As part of the European Semester Spring Package, the EU Commission presented its country-specific recommendations on 5 May. The Commission paints a mixed picture in terms of the implementation of the country-specific recommendations, which have been in place since the beginning of the semesters in 2011. The most headway has been made in employment policy, whereas calls for expanding the tax base or improving health care have shown a particularly low compliance rate.
New keyword: Investment
For the first time, the 2019 Recommendations also identify investment priorities for all Member States, particularly with regard to environmental objectives. However, it is noteworthy that these recommendations are not all new, but are often simply prefixed with ‘investment’, such as the call for Member States to channel targeted investment into their active employment policies to make them more effective, or the call to ‘invest’ in human capital, childcare and health systems.
Essentially, this is about making the structure of public spending ‘investment-friendly’ – a well-known Commission strategy from the past. Moreover, the investment guidelines are much more general in the country-specific recommendations than in the annexes to the country reports. The latter are aimed exclusively at investment needs where co-financing by the EU’s cohesion policy funds is appropriate.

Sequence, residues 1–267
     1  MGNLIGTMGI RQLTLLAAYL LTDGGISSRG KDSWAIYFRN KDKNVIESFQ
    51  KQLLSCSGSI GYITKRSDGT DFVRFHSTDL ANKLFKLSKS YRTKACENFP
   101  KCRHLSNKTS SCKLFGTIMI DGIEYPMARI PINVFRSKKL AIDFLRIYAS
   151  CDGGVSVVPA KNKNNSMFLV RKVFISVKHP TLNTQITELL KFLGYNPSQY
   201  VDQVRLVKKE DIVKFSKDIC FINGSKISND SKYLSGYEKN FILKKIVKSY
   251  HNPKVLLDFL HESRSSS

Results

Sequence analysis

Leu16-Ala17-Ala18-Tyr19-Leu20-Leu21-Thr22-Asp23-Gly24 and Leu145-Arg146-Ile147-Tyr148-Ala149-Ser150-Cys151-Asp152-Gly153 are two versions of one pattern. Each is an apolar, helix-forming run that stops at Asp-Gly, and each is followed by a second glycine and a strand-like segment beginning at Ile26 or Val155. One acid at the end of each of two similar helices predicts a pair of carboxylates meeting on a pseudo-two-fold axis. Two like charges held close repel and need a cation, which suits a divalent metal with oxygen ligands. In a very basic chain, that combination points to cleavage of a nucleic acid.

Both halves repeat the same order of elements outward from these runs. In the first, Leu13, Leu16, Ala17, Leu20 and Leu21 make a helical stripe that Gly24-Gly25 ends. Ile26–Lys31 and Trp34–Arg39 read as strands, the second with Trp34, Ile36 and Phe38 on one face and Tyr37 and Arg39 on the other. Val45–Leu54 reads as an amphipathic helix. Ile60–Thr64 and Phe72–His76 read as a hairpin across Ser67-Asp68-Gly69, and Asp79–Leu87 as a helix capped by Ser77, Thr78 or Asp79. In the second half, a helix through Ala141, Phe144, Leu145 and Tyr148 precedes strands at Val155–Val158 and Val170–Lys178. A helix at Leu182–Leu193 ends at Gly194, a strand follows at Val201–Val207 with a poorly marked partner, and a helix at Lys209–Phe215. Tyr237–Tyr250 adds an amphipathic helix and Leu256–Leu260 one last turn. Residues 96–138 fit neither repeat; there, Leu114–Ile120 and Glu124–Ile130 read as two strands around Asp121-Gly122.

Social security recommendations
The recommendations which directly relate to social security contain a number of proposals to improve the coverage, adequacy and effectiveness of social security systems, including minimum income schemes (Bulgaria, Estonia, Latvia, Portugal, Romania, Spain and Hungary), and access to quality public services (Bulgaria, Estonia, Finland). This includes recommendations addressed to ‘prominent authorities’ to improve the adequacy and sustainability of pension systems and access to health care systems.
Other reforms include improvements in the area of pensions. The balance between working life and retirement should be adjusted and supplementary pensions should be encouraged. However, the Commission also warns against retracting past reforms. This is particularly true for Italy, which has de facto partially reversed previous reforms through more recent measures. The Netherlands is evidently being urged to improve social protection for the self-employed, include old-age pensions.
What happens next?
The country-specific recommendations require the approval of the Council. An initial discussion took place during the ECOFIN Council on 17 June.
The Commission communication can be found here.